Regeneration, body identity

In the last post I commented the feeling of our body being serviced, repaired, its damaged parts substituted, after an intense work out. I knew about the capacity of regeneration when I drilled accidentally my finger with a power tool. Every week I could see how the hole was moving upwards while filling up.

How is our body regenerated? Are we like an group of marble buildings, immutable, that only change when some tile is damaged and has to be replaced? Actually your body is younger than you think (Your Body is Younger Than You Think, New York Times, 02/08/2005), the average age for the cells of an adult being around 10 years. Research reveals different renovation rates depending on the function and the organ.

Cells from gut surface are renewed every 5 days, those from the skin, every 15 days. It’s like the walls of city buildings being repainted every two weeks.“The red blood cells, bruised and battered after traveling nearly 1,000 miles through the maze of the body’s circulatory system, last only 120 days or so on average before being dispatched to their graveyard in the spleen”. It’s like renovating the city car fleet.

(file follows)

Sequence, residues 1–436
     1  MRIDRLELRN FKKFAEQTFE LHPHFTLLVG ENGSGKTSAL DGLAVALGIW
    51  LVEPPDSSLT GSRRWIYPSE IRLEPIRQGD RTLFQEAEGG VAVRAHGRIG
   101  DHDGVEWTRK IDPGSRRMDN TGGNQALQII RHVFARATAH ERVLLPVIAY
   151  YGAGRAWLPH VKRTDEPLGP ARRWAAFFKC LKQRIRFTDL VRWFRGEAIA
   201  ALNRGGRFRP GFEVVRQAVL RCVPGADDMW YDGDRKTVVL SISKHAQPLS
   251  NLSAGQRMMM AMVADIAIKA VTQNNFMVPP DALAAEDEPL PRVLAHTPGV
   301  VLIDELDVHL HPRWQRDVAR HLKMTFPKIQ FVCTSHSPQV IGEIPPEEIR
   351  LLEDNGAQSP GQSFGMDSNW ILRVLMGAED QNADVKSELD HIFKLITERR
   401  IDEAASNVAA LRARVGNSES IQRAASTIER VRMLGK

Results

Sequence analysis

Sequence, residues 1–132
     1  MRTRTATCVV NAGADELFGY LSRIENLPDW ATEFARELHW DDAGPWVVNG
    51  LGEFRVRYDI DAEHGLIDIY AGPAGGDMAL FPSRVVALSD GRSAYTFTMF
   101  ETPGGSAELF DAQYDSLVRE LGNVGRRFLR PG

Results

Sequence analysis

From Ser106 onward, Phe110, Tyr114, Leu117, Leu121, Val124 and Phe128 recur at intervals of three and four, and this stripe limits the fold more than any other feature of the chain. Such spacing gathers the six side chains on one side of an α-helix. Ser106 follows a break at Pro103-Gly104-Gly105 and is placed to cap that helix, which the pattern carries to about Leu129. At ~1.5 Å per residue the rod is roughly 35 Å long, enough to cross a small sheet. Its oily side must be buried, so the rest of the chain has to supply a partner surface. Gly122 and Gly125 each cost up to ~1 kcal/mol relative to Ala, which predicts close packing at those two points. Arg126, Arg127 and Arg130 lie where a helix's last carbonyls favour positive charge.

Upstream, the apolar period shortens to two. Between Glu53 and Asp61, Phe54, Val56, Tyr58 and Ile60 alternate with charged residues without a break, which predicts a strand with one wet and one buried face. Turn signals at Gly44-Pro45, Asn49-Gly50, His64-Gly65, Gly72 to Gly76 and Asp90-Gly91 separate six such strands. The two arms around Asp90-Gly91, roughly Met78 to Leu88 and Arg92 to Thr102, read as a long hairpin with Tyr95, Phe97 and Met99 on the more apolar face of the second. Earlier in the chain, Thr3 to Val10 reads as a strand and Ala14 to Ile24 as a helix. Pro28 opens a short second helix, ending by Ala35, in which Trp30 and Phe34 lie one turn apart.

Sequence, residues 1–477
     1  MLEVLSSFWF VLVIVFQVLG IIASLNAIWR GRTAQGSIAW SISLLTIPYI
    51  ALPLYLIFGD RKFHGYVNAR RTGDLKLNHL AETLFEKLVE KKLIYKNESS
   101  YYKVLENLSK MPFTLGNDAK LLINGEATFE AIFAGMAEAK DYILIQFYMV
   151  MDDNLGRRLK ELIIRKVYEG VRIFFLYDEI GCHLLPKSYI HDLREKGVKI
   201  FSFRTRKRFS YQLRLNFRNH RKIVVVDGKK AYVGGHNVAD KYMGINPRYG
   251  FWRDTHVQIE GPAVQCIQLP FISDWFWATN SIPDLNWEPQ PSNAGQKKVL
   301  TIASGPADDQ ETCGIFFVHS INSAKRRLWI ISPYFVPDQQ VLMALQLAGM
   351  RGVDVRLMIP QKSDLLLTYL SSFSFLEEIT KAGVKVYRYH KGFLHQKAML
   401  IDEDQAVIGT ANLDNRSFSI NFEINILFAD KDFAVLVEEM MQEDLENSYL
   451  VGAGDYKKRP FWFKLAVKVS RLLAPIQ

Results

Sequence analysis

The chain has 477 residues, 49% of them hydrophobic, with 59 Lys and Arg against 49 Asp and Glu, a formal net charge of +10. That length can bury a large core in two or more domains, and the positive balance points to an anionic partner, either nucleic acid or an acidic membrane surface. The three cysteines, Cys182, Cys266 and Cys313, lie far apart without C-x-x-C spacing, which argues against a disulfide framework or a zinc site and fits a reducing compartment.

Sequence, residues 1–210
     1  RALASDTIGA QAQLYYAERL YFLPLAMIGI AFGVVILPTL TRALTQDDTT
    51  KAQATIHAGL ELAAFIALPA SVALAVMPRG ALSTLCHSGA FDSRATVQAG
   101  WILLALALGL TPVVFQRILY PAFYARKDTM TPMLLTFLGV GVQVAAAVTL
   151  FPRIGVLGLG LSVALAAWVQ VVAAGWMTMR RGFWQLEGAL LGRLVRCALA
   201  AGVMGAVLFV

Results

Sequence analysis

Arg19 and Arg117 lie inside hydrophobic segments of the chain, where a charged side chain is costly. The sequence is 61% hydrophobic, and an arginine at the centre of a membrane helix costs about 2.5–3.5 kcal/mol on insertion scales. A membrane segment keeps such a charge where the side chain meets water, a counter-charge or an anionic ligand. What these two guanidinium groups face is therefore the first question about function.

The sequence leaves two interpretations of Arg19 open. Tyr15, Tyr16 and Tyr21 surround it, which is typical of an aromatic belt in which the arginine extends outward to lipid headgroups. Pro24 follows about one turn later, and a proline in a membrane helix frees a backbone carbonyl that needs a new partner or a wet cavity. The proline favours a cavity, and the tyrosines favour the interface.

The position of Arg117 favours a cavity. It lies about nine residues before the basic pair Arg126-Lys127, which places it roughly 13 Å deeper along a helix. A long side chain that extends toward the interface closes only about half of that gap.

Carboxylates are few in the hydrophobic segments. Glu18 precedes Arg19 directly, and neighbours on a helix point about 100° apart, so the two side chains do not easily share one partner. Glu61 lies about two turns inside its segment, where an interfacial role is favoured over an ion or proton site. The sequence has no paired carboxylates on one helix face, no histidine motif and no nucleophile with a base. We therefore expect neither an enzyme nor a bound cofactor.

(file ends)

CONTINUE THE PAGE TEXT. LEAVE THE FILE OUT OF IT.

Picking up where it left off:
“As for the liver, the detoxifier of all the natural plant poisons and drugs that pass a person’s lips, its life on the chemical-warfare front is quite short”, around 400 days.

“Even the bones endure nonstop makeover. The entire human skeleton is thought to be replaced every 10 years or so in adults.” Other tissues like muscles last 10-15 years.

The neurons of the cerebral cortex, the eye lens and perhaps the heart are the only cells that seems to last a lifetime.

So, instead of a complex of monumental stone buildings, immutable, we are rather more like a camping or a market, where each place is occupied temporarily by someone until it parts and is replaced by another one.What are we? Which kind of body identity do we have? We are an ephemeral aggregate, a set of molecules assembled temporarily in a structure, united and dissolved like water drops in clouds.

We are not a thing but a process, “surfing over matter like a strange slow wave” in the beautiful expression of Lynn Margulis.

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